Without another word, Eleana took his hand and led him away from the group. As he followed, Avarron waited for Ferdiag to roar some inappropriate joke. He didn’t hear the warrior’s voice and hoped that he had taken the warning Avarron had given him to heart, and kept the joke to himself and those in whispering distance.
Eleana led him to a small fire, away from the main campfire. Clearly she had planned this in advance.
“I wanted to apologize again…” Avarron started.
At the same time, Eleana turned to him and also spoke: “I am truly sorry for…”
They looked at each other for a moment. Eleana shook her head with a sigh. “Please, Sir Avarron, I am the only one with any right to apologize.”
“But…” Avarron tried again, but Eleana put a finger on his mouth. “No, you only embarrassed yourself. If you insist on apologizing, do so to yourself.”
“That would be a rather silly thing to do, wouldn’t it?” Avarron asked her confused.
“Yes it would,” Eleana answered laughing. Her face turned serious again as she said: “So please allow me to apologize to you instead.”
“But my lady, you already did.”
“Not exactly. That was a mere excuse. The truth is, I’ve been reading a book called ‘The Miller’s Ashes’,” she explained. “I understand that yours is not a name to wear publicly. And I apologize for not realizing this before I opened my mouth. Such a great first impression I must have made,” she sighed.
“Well, Then I suppose we both did. Let’s call it even,” Avarron grinned.
Eleana gave a soft laugh in response to his grin, but it was not hard for her to see how deeply concerned he was that his secret was now unveiled. “Does everyone in Kyst know this story?” she asked.
“No, but just about everyone in Altraom does.”
“If you don’t mind, I have some questions about it. Care to sit and talk with me a while?” she asked, gesturing at a blanket next to the fire.
“With pleasure, my lady,” Avarron answered as he took place on the blanket. With a bit of luck, he’d get a chance to salvage some of his reputation, at least in her eyes.
Eleana sat down besides him and took the small book out of her pocket. “I got this from the great library in Nevarus. I have reason to believe that it is a Nevarran alteration of the story you know. I do not wish to make any more embarrassing mistakes in this matter,” she explained.
“Of course, I’ll be happy to answer any questions.”
Eleana opened the book and together they went through the first four chapters. Eleana summarized what she had read and Avarron confirmed it. They spent a good hour talking like this. “What I don’t get is how such a humble and peaceful man can suddenly become such a ruthless and power-hungry necromancer.”
“It’s the merchant’s influence. He is a demon that corrupts Donash into witchcraft. With that, he turns his back on his Destiny The man is a fortune seeker and urges Donash to be the same, rather than trust in his own Destiny. Donash eventually falls for his corrupting influence and becomes a ruthless opportunist, taking what he can without regard for the risk and consequences,” Avarron explained to her.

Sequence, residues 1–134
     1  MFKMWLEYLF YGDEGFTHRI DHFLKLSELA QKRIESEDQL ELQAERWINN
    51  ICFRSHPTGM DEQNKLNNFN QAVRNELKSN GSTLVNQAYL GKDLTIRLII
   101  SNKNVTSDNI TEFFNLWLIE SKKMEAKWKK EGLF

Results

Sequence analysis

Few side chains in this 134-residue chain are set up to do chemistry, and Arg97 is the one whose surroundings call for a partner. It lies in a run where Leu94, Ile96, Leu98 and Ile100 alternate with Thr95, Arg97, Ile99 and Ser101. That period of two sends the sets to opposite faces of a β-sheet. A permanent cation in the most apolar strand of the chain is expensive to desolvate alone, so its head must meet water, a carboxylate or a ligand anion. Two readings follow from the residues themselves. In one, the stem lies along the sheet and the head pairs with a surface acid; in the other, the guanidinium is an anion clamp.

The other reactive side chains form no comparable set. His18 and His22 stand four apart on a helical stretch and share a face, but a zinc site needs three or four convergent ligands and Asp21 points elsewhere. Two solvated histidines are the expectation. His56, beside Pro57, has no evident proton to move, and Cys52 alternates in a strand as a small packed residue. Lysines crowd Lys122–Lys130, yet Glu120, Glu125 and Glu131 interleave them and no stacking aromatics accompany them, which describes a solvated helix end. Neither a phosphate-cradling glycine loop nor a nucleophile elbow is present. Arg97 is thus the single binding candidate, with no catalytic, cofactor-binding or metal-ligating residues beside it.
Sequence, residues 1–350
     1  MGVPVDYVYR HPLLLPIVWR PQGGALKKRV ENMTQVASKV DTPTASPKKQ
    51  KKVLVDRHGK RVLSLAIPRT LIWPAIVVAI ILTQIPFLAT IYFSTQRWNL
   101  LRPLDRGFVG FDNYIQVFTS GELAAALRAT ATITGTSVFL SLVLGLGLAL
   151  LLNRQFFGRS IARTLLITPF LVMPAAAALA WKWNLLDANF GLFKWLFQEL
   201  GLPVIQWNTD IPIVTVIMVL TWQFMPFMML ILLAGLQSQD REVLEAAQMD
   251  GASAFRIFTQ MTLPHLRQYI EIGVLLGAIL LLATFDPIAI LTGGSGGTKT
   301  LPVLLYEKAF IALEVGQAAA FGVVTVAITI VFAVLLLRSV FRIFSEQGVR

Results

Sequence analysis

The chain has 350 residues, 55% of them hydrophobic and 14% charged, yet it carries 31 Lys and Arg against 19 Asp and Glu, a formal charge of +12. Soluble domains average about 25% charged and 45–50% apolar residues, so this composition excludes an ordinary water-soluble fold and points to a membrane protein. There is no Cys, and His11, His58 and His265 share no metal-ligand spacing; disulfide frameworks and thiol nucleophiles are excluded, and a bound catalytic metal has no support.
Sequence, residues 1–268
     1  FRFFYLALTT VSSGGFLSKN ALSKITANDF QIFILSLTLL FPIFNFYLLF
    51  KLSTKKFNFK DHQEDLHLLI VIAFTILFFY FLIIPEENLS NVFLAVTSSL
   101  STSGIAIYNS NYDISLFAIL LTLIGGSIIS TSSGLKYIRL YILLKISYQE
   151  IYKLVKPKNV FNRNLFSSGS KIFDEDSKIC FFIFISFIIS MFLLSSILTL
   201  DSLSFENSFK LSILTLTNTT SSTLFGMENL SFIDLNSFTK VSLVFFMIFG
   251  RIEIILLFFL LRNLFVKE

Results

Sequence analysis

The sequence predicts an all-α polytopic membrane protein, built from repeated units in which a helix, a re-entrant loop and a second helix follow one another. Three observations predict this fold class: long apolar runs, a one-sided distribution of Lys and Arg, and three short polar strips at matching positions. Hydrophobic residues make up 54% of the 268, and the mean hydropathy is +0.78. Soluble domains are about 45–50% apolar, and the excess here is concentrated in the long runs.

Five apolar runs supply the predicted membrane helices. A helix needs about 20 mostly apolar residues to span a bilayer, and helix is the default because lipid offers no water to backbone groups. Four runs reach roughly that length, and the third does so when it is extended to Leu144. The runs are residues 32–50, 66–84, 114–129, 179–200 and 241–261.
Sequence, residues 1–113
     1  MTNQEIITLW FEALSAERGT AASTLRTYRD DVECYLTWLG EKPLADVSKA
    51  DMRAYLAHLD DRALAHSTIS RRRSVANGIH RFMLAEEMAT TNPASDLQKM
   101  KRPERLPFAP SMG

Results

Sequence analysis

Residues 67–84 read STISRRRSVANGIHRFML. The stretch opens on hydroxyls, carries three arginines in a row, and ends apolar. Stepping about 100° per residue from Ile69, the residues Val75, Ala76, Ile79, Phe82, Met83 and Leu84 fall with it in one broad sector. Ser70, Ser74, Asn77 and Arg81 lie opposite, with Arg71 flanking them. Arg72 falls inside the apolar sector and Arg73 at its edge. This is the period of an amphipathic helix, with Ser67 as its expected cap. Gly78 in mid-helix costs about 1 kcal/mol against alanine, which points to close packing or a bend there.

Eleana nodded as a sign of understanding. As soon as she had received the honour of becoming the Council’s representative in Altraom, she had started to study their culture and religion. Witchcraft was the antithesis of the Kystan sense of justice: everything had to be earned. Even for hereditary positions, the proposed heir had to prove his worth through a notable act of courage and wisdom.
“This is your heir’s quest, isn’t it?” she asked.
“No. An heir’s quest can only be undertaken under the eyes of the Angels, in the form of an Ardaithe witness. This mission requires secrecy, so I cannot claim it as my quest. To be honest, I don’t know why the king…,” he stopped himself.
Elena placed a hand on his shoulder. “You must have proven yourself to him somehow, even if the Angels didn’t see it.”
“A chance encounter doesn’t count. It has to be a deliberate effort,” Avarron explained. “And in my family, the quest always receives additional scrutiny. My grandfather singlehandedly built a watchtower at the coast and kept watch by himself for a month, warning the villages whenever pirates approached. My father then ousted a band of pirates that had slaughtered an entire village and taken up residence there. They say he drove them into the sea and since then, none have raided our shores any more. And Haran, our ancestor,” he paused. “Well, I wouldn’t want to spoil the book for you. You’re getting to the part of it that I like best.”
“Would you like to continue reading it with me, then?” Eleana asked him hopefully.
“Certainly, my lady,” Avarron said smiling.
She shuffled close to him, her shoulder leaning against his and opened the book at the fifth chapter.